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									                                                                                                            By Angelo Salvucci, Jr., MD, FACEP

CARDIOCEREBRAL RESUSCITATION                                             intact survival from 15% to 39% in patients with witnessed cardiac
   Ewy GA, Kern KB. Recent advances in cardiopulmonary                   arrests from shockable rhythms. Bobrow, et al (JAMA 299:1,158,
resuscitation: Cardiocerebral resuscitation. J Am Coll Cardiol           2008), saw survival increase from 5% to 18%.
53(2):149–57, Jan 13, 2009.                                                Many questions still need to be answered, though. First,
   Cardiocerebral resuscitation (CCR) is a new approach for resus-       although CCR seems to result in better outcomes than the 2000
citation of patients with cardiac arrest. It is composed of three        guidelines, we don’t know if it’s better than the 2005 guidelines,
components: 1) continuous chest compressions for bystander               which incorporated many of the changes found in CCR. Second,
resuscitation; 2) a new emergency medical services algorithm;            epinephrine is advised in CCR but not proven to be beneficial.
and 3) aggressive post-resuscitation care. The CCR method                And third, we do not know how well CCR works for non-shockable
has been shown to dramatically improve survival in the subset            rhythms, or for cardiac arrest from non-cardiac causes.
of patients most likely to survive cardiac arrest: those with wit-
nessed arrests and shockable rhythms on arrival of EMS.                  DEFIB THREAT TO BYSTANDERS
   The CCR method advocates continuous chest compressions                   Hoke RS, Heinroth K, Trappe HJ, Werdan K. Is external defibrilla-
without mouth-to-mouth ventilations for witnessed cardiac arrest.        tion an electric threat for bystanders? Resuscitation 2009
It advocates either prompt or delayed defibrillation, based on              Safety precautions during defibrillation and cardioversion are
the three-phase time-sensitive model of ventricular fibrillation         taken very seriously. The actual hazard for bystanders and rescu-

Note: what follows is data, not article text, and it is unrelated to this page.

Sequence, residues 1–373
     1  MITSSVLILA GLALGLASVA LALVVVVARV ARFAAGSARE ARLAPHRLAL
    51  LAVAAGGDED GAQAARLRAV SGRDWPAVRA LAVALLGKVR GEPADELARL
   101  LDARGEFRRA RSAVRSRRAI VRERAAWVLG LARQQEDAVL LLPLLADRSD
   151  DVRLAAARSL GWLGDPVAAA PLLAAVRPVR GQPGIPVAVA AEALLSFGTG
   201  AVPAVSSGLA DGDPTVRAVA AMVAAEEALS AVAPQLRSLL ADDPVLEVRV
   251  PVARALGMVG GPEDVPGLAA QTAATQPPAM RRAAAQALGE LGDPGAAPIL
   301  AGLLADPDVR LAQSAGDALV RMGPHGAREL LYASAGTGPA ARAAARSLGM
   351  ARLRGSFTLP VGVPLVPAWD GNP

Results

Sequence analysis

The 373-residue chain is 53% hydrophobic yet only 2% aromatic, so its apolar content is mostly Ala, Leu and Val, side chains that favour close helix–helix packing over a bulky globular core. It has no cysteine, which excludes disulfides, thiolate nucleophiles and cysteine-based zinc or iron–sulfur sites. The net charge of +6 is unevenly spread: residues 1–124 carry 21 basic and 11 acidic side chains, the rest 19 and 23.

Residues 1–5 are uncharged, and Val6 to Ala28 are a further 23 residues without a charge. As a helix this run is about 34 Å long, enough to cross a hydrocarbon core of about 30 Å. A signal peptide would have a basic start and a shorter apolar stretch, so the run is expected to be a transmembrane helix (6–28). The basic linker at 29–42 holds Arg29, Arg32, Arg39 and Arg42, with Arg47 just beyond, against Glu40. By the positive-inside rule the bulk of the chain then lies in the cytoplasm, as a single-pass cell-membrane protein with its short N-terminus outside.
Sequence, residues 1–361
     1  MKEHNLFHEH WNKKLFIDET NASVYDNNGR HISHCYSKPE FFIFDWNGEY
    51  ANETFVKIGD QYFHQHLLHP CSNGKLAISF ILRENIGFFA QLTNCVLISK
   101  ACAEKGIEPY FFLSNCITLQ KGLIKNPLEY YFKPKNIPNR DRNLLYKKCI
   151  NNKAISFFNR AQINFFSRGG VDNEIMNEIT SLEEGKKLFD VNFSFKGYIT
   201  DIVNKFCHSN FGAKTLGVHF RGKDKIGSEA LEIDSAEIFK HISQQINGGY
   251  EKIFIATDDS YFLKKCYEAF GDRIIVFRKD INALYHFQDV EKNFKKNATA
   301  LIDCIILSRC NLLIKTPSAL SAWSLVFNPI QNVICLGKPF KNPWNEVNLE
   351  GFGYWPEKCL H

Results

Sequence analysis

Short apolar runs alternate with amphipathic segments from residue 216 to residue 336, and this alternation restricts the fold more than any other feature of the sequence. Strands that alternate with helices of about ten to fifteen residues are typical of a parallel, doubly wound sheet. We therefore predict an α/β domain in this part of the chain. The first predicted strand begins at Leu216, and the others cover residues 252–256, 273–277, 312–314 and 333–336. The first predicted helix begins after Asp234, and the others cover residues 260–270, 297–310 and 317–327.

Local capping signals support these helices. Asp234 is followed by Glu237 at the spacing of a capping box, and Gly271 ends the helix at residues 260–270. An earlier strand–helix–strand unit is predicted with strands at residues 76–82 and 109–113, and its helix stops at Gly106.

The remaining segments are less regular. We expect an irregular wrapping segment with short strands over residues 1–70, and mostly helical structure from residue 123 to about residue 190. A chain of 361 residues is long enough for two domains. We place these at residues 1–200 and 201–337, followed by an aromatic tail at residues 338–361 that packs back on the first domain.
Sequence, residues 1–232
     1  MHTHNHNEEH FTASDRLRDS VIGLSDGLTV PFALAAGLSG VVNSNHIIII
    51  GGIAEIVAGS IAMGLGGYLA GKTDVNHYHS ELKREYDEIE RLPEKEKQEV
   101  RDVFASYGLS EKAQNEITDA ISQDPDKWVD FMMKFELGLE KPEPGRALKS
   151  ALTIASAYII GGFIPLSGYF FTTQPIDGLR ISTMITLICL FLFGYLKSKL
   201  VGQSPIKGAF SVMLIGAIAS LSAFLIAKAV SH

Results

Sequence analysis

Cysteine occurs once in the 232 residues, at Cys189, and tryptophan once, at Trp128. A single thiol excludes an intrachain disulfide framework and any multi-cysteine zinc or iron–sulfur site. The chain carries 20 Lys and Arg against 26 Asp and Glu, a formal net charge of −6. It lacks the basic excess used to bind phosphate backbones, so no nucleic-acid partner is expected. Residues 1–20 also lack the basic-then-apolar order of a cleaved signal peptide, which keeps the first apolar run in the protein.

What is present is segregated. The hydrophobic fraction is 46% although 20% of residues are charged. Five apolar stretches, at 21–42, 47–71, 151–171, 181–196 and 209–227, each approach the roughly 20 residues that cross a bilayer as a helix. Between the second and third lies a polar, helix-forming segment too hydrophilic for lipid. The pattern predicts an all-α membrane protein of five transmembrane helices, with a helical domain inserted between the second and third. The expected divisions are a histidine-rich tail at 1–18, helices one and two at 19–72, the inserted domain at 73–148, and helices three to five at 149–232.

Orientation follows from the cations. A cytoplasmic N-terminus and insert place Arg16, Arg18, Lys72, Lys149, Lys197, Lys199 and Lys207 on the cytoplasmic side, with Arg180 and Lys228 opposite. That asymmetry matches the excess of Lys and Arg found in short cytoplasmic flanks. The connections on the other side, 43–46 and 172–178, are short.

(VF) articulated by Drs. Myron Weisfeldt and Lance Becker. For           ers, however, has rarely been investigated. Recently, continuing
bystanders with access to AEDs and EMS personnel who arrive              chest compressions during defibrillation has been suggested
during the electrical phase (i.e., the first 4–5 mins. of VF arrest),    to improve outcome from cardiac arrest. This article is to review
the delivery of a prompt defibrillator shock is recommended.             reports on electric shocks to persons other than patients and to
However, EMS personnel most often arrive after the electrical            discuss the pertinent biomedical principles.
phase—in the circulatory phase of VF arrest. During the circulatory         Methods—Systematic search in medical literature databases
phase of VF arrest, the fibrillating myocardium has used up much         and consecutive hand-search of reference lists.
of its energy stores, and chest compressions that perfuse the               Results—A total of 29 adverse events are reported in the medical
heart are mandatory prior to and immediately after a defibrillator       literature: seven due to accidental or intentional defibrillator misuse,
shock. Endotracheal intubation is delayed, excessive ventilations        three due to device malfunction, four during training/maintenance
are avoided, and early-administration epinephrine is advocated.          procedures, and 15 during regular resuscitation efforts. Tingling sen-
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